When collecting and investing in art, the question which comes up over and over again is, “how do I know what to buy that will eventually appreciate in value? Good question, not always an easy answer. The number one rule before anything is buy what you like, plain and simple. Obviously there are other factors as well, however, regardless of value, one must enjoy and appreciate their art, as it will give them years and years of pleasure. When investing in art, it is important to educate yourself, whether it is going to museums, galleries, or purchase some art magazines and start reading up on the historical innovators or if your interests lie in the contemporary world check out what’s new and what are the current trends. Whether you are buying historical or contemporary art, do the research on the artist. Ask yourself, what is their profile? Is there a good following? Are they in public collections? What do curators think of their work? It is very important not to jump into anything just based on current values. As you research you will begin to get a good feel for what artists you like. Beware of art that has increased in value at an astronomical rate for no reason. Look at artist’s work that has increased in value consistently over the years rather than those with huge fluctuations.
Most art buyers are buying because they enjoy living with it, not for investment purposes. It is not that art doesn’t appreciate; the art market has been rising consistently for the past nine years and in the past 4 it has seen double-digit growth. “The art market did not suffer repercussions when the Internet bubble burst and is doing well today, even after the credit crunch”, says Robert Tomei a fund manager who recently launched his third art fund. Even in a down market art usually remains relatively strong because of the intrinsic value of art. Mr. Tomei, continues, ” Art doesn’t burn cash; it isn’t an Internet company. If you buy artists that have an established career, it’s a real asset and that acts as downside protection, assuming you have not bought at a speculative price”. Along with young professionals and small business owners who are relatively new to the art scene, the market has had solid growth at the top end. The more established collectors are spending more on art as their wealth grows and are passionate in fine-tuning their collections.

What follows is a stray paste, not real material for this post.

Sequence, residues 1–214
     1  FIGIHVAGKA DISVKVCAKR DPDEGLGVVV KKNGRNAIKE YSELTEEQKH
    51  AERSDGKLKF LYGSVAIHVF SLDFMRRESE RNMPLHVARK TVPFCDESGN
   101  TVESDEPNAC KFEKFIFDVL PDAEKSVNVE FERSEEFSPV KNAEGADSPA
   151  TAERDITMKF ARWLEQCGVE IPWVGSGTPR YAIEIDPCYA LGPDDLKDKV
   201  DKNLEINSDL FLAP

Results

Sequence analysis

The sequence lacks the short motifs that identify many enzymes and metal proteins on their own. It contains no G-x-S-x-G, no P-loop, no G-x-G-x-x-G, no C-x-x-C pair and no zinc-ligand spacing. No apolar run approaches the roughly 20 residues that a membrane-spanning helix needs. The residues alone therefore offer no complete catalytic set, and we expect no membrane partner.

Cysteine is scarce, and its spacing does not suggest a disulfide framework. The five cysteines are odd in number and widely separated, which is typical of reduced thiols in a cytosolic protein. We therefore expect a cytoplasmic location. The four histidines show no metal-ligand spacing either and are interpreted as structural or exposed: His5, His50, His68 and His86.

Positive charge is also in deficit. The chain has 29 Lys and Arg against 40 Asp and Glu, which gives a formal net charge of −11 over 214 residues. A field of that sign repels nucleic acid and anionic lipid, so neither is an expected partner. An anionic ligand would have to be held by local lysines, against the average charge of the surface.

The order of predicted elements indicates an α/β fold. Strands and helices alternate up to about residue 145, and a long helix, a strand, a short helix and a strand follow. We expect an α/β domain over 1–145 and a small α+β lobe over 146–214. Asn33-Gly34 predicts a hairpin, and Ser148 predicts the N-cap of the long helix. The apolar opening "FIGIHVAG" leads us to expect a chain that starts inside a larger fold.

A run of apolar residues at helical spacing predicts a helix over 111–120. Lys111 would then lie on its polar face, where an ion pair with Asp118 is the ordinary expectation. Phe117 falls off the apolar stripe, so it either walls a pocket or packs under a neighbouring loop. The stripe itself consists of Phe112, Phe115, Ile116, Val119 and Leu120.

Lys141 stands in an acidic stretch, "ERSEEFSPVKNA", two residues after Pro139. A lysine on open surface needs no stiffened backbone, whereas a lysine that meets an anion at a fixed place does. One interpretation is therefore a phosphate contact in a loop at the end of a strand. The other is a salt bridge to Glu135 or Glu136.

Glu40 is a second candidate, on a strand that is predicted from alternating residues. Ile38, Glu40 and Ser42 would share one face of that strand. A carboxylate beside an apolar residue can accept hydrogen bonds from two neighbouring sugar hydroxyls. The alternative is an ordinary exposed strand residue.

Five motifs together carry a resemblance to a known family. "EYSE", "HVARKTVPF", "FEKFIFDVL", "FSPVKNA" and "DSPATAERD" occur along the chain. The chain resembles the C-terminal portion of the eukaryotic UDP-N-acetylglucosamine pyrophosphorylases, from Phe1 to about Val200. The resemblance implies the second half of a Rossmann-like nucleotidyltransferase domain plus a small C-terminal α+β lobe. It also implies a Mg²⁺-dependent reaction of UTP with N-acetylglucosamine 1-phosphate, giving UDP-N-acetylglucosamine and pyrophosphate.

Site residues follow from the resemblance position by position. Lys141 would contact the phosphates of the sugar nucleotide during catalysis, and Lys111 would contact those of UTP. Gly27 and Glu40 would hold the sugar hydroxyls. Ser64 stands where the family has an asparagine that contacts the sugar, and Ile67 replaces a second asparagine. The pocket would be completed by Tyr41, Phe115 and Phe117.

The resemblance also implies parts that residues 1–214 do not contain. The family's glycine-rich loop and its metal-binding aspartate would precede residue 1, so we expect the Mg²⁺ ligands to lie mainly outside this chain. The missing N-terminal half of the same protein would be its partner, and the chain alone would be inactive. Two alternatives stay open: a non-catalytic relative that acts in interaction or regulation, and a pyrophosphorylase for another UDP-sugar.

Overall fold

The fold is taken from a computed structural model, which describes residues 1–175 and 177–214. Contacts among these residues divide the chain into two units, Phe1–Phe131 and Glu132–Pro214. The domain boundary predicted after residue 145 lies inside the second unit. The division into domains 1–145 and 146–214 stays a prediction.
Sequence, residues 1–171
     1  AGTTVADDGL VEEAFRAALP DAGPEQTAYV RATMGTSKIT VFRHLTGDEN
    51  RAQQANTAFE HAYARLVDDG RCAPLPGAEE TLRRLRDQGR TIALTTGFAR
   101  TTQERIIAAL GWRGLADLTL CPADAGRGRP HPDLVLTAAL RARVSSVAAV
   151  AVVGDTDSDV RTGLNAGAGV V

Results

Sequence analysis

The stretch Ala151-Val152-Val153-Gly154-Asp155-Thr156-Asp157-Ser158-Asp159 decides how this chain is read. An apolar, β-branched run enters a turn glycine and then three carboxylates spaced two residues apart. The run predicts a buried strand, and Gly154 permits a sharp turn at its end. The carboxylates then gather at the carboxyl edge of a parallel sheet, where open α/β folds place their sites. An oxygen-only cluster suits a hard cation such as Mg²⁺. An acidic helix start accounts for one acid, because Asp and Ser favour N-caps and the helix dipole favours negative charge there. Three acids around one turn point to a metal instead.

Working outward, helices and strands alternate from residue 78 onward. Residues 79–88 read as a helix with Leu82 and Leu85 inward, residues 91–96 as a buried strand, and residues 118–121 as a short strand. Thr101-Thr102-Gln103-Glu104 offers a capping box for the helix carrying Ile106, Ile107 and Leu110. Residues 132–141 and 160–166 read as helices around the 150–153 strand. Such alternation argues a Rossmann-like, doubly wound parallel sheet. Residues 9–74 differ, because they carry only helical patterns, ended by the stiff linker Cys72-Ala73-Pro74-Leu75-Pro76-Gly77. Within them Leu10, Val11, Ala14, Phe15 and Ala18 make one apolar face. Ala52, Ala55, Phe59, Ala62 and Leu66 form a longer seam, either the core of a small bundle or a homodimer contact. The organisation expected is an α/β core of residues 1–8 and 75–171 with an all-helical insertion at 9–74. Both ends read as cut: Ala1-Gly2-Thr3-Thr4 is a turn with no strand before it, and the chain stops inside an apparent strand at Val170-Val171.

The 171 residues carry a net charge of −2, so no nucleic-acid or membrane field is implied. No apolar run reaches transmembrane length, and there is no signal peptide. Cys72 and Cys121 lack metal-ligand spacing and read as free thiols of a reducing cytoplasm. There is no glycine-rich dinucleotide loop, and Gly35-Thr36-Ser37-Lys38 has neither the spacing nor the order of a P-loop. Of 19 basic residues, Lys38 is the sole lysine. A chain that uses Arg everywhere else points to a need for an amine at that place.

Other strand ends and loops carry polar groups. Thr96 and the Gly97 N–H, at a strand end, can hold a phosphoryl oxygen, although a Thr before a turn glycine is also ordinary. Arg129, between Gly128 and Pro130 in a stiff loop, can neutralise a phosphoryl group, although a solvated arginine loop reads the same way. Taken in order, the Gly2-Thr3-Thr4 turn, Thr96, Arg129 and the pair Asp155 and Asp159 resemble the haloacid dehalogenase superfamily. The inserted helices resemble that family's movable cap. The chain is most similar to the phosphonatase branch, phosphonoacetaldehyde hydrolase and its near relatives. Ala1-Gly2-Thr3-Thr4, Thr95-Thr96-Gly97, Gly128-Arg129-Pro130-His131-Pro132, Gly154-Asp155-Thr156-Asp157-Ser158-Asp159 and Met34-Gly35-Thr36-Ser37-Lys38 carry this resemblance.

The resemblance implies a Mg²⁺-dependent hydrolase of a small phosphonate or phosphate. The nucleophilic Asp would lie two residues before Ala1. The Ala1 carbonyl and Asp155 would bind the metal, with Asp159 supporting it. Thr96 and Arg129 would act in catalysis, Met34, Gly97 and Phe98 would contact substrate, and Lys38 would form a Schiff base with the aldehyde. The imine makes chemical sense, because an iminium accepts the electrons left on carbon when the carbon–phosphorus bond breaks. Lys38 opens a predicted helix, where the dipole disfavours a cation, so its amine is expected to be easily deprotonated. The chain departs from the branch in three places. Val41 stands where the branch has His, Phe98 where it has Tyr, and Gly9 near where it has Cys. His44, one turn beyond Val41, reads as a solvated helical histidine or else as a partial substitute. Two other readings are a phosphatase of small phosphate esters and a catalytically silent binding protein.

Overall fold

Remember, if you are a novice or have been collecting for years, buy what is appealing to you, and do the research. Building an art collection takes time and patience and should be enjoyable.